June 5, 2016 - 7:51 am
UNLV’s ailing journalism school will soon welcome a new leader and update its class offerings as officials tackle a scathing external review that called for sweeping program changes last year.
An ambitious plan to reform the Hank Greenspun School of Journalism and Media Studies, laid out in an internal document obtained by the Review-Journal, will begin this summer. The overhaul comes a year after the external study commissioned by UNLV raised concerns about weak leadership, aimless coursework and low graduation rates.
Joel Lieberman, UNLV’s criminal justice chair, will temporarily replace Director Larry Mullen, who was said to “lack an understanding of the key metrics related to enrollment, retention, graduation and budget” in the May 2015 analysis by journalism professors Marianne Barrett from Arizona State University and Dorothy Bland from the University of North Texas. Attempts to reach Mullen were unsuccessful last week.
Lieberman will begin as interim director July 1 while simultaneously running the criminal justice department. He said he’s eager to help implement a “much more dynamic curriculum.”
Following review recommendations, the school will streamline paths to graduation and get rid of some media theory classes to offer students more hands-on experience. Officials will begin updating class offerings this fall, with a growing emphasis on sports and entertainment journalism.
“Faculty have rallied around this review, which I suspected they would,” said Robert Ulmer, dean of UNLV’s Greenspun College of Urban Affairs, which oversees the journalism program. “They’re excited about the changes, and they’ve implemented — I think — a real innovative and exciting new start to the curriculum.”
Some class sizes will grow and students will take fewer required courses so they can choose more electives. Administrators said a team of faculty members drafted the new structure after consulting other departments at UNLV and journalism programs in western universities, including those at Arizona State and UNR.
The overhaul drew praise from Regent James Dean Leavitt, who sits on the 13-member Board of Regents overseeing Nevada’s public colleges and universities.
“It looks like they’re being responsive to concerns raised by the community and certainly by the Board of Regents,” Leavitt said. “From what I can tell, a lot of people are making a lot of long-needed recommendations.”
RESPONSE TO RECOMMENDATIONS
School administrators said a five-member faculty panel authored the 22-page overhaul plan using input from colleagues. The document, drafted in February, calls for a national search for a permanent replacement this fall after Lieberman takes over temporarily.
UNLV Senior Vice Provost Carl Reiber said Mullen, who has “transitioned out” of a standard three-year stint as chair, will remain at UNLV as a faculty member.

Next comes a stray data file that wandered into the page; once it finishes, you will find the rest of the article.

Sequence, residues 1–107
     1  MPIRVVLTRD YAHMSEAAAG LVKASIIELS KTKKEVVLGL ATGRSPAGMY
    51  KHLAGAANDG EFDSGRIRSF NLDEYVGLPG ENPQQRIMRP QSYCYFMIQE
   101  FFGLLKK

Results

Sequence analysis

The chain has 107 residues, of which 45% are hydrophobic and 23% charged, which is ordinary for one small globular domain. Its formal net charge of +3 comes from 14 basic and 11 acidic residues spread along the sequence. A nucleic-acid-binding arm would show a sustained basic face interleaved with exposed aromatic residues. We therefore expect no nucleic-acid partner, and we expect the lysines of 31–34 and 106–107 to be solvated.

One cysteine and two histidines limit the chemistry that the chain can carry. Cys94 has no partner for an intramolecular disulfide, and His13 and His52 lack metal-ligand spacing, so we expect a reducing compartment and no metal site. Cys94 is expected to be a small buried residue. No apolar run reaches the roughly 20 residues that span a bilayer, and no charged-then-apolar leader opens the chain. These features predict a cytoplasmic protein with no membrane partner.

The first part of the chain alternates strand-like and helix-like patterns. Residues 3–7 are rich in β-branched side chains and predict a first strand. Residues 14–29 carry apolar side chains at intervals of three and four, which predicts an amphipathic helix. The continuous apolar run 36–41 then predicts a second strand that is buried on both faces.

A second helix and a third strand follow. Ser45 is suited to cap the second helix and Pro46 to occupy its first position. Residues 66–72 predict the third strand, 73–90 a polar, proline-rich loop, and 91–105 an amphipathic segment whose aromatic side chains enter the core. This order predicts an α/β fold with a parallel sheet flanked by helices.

“(Mullen) was the mover and shaker behind the curricular changes,” Reiber said. “All of these changes are going to position the school for a more national, high-profile chair candidate.”
Last year’s review raised concerns that students were unable to finish their degrees within six years, noting that not enough classes were available for them to meet graduation requirements on time. The report said only 26 percent of students at the journalism school graduated on time in 2007, while UNLV as a whole had a graduation rate of 44 percent.
The authors of the overhaul plan called those figures misleading because Barrett and Bland didn’t take into account that students switch majors before graduation, but they conceded that the duo’s recommendations were justified.
Lack of academic advisers and professors was cited by journalism students as a hurdle between them and graduation. Barrett and Bland’s review said the program employs only two advisers to work with 2,500 students — a ratio far below standards established by the National Academic Advising Association. The journalism program lists 22 employees and three part-time instructors on its website.
“We need more faculty,” said Bruce Gil, 20, a senior majoring in print journalism. He also said the program doesn’t offer enough challenging classes.
“Specifically, I would like to see more diverse faculty as a first-generation American,” Gil said, emphasizing another concern raised in last year’s review.
Reiber credited Ulmer for noting the staffing shortage when he became dean in 2014 — shortly after taking the helm, Ulmer requested the transfer of a UNLV adviser to the journalism program. Since the external review’s release, the school has hired 16 part-time instructors and at least two full-time faculty members, including Jon Castagnino, a former sports reporter at KVVU-TV (Channel 5) in Las Vegas.
But the university has struggled to meet demand for advisers university-wide, Reiber said. He noted that Barrett and Bland’s review came on the heels of a recession that slashed funding for colleges statewide.
“We do recognize we need more,” Reiber said.
Concerns about the shortage were repeated in February’s faculty-authored plan, which noted the program “will be severely shorthanded in 2016-2017 without additional hires.”
“Put simply, unless we add faculty members, we will not be able to fully implement the proposed curriculum in the 2016-2017 academic year,” the document reads. “In fact, we will not be able to teach courses now on the books, including basic writing classes.”
UNLV doesn’t struggle alone. Experts say journalism programs nationwide have a hard time recruiting experienced instructors.
“Leadership in journalism education is one of the biggest challenges we face,” said Susanne Shaw, executive director for the Accrediting Council on Education in Journalism and Mass Communications. “It’s difficult searching for and hiring people.”